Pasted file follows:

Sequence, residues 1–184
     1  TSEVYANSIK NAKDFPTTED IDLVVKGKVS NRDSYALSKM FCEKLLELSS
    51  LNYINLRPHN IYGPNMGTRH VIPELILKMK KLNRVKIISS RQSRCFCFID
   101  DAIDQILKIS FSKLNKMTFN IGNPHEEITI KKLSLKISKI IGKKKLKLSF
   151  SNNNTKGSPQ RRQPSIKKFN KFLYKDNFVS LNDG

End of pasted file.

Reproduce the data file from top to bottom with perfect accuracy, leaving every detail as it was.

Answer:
Sequence, residues 1–184
     1  TSEVYANSIK NAKDFPTTED IDLVVKGKVS NRDSYALSKM FCEKLLELSS
    51  LNYINLRPHN IYGPNMGTRH VIPELILKMK KLNRVKIISS RQSRCFCFID
   101  DAIDQILKIS FSKLNKMTFN IGNPHEEITI KKLSLKISKI IGKKKLKLSF
   151  SNNNTKGSPQ RRQPSIKKFN KFLYKDNFVS LNDG